MONTEGO BAY, St James - PROFESSOR Verene Shepherd, director at the Institute for Gender and Development Studies at the University of the West Indies, Mona, has called for Sam Sharpe Square in the resort city of Montego Bay to be cordoned off, in an effort to preserve the memory of the historic site.
In an interview with the Jamaica Observer, the noted historian bemoaned what she claimed is the unclean state of small square, which was named in honour of National Hero Sam Sharpe.
“You don’t take heroes and heroines for granted, you protect the sites. When I go there now it is dirty, rubbish is all over the place, it smells bad like people are using it as an urinal, and we think that we honour Sam Sharpe?” she fumed.
“Every National Heroes’ Day we big up Sam Sharpe and we forget him for the rest of the year. I really think that the National Heritage Trust must do something about that square.”
Sharpe was born in the parish of St James, and although he was a slave throughout his life, he was allowed to become well-educated. Because of his education, he was respected by other slaves. He was also a well-known preacher and leader.
A deacon at the Burchell Baptist Church in Montego Bay, Sharpe spent most of his time travelling to different parishes in Jamaica educating the slaves about Christianity and freedom.
He was the main instigator of the 1831 Slave Rebellion, which began on the Kensington Estate in St James, and which was largely instrumental in bringing about the abolition of slavery.
The rebellion, which was brutally suppressed by the British military, involved some 50,000 slaves throughout Jamaica.
Approximately 500 slaves were executed, including Sharpe, who was hanged on May 23, 1832 in the Montego Bay.
In 1975, Sharpe was proclaimed a National Hero and a teacher’s college in Granville, St James, was founded and named in his honour.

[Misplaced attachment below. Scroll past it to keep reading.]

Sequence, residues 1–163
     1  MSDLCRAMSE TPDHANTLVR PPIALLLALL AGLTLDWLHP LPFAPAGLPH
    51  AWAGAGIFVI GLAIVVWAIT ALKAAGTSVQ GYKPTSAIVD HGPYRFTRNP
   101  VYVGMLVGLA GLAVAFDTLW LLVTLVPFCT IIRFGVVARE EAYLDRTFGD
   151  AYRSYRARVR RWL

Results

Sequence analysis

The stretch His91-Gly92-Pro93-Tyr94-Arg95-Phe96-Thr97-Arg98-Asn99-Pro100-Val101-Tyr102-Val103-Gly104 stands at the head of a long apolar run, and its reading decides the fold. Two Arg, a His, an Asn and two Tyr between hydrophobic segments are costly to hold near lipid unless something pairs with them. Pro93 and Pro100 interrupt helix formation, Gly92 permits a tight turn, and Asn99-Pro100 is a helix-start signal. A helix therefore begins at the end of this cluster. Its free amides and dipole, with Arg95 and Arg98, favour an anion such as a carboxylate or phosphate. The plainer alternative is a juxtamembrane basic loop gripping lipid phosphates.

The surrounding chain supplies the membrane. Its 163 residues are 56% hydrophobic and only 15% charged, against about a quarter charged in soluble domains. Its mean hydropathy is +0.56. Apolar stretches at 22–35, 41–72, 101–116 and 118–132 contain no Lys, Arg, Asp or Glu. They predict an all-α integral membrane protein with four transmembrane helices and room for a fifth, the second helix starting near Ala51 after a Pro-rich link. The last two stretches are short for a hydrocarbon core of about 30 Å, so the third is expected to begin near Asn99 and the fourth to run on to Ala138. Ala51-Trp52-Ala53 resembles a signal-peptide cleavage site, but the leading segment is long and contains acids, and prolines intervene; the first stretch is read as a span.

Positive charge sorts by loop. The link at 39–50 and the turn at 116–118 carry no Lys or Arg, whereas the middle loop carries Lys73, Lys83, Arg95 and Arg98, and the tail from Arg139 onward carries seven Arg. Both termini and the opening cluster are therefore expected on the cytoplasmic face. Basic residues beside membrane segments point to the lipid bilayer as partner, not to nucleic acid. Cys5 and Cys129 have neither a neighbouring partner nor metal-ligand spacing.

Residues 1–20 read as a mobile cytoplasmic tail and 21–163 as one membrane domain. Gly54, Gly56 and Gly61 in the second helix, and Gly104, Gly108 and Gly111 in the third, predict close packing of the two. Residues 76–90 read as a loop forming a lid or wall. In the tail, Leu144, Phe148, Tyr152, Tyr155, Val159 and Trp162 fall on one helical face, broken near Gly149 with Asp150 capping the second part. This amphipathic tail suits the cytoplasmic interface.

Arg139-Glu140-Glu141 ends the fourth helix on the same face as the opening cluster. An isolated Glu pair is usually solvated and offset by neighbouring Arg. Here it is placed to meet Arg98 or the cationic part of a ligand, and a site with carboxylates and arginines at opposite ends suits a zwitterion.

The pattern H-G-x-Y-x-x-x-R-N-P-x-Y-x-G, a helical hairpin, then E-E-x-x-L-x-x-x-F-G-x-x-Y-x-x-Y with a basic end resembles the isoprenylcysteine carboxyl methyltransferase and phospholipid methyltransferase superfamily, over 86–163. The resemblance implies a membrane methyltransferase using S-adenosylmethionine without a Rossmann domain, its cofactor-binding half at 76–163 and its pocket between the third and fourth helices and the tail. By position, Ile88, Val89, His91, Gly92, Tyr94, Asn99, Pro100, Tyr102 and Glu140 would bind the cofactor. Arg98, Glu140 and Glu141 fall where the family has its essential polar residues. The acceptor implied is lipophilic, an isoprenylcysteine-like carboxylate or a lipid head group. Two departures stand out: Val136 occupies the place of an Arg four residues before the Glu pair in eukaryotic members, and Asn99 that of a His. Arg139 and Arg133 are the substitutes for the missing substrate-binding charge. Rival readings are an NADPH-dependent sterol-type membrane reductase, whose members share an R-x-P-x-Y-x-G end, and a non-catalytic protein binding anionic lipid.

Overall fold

And Charles Square in Montego Bay was renamed in his honour on October 20, in the same year.
Yesterday, Member of Parliament for the Central St James Lloyd B Smith told the Observer West that he will be lobbying for Sam Sharpe Square to be pedestrianised.
“My personal view is that Sam Sharpe Square should be pedestrianised. That is something I will be lobbying for in the long term. There ought not to be any [vehicular] traffic passing through there. Although some people might find that far-fetched, that is my view, and while it may not happen right now, ultimately that is what should happen to preserve the square,” Smith explained.
Added Smith: “I really believe that it (Sam Sharpe Square) could turn into a very valuable piece of asset for Montego Bay, both in terms of tourism and the overall aesthetics of the downtown Montego Bay area.”
In the past, suggestions for the pedestrianisation of Sam Sharpe Square have been met with strong objections from members of the business community, many of whom have expressed apprehension that it could result in a downturn in business.
But yesterday, President of the Montego Bay Chamber of Commerce and Industry, Davon Crump, who has in the past strongly lobbied for the cleaning up of downtown Montego Bay, said he had no objection to barring vehicular traffic from the square, if it will be cleaner and the aesthetics enhanced.
In the meantime, Professor Shepherd was also very critical of the despicable condition which exists behind the civic centre in Sam Sharpe Square, where the names of 500 slaves — including Sharpe’s — who were executed in the rebellion are listed on a monument.
“......And behind the civic centre do you know there is a monument there with the names of all those who fought with Sharpe and what happened to them? "she questioned. "Who goes there? Who cares for it?"
But Smith, who is oftentimes referred to as the “Governor of the City of Montego Bay”, said as a result of representation from himself and Mayor of Montego Bay Glendon Harris, money is now available from the Tourism Enhancement Fund (TEF) to undertake a massive development of the civic centre.
“There is this major plan afoot and as I say, TEF has already made a commitment through its chairman Senator Noel Sloley,” he disclosed.
He added that a management committee will be put in place to oversee, among other things, the full development of the museum at the facility and the fencing of the area.
Additionally, the Central St James MP revealed that presently he is having dialogue with the Institute of Jamaica and the National Gallery of Jamaica with a view to have permanent exhibitions at the proposed upgraded museum at the civic centre.
“We are in talks with the Institute of Jamaica and the National Arts Gallery in terms of getting some stuff from them so that we can have a permanent exhibition up there,” Smith revealed.
He further stated that the recent establishment of the Montego Bay Arts Council, chaired by Josef Fortsmayr, was put in place to ensure that major events will be hosted at the facility around the clock.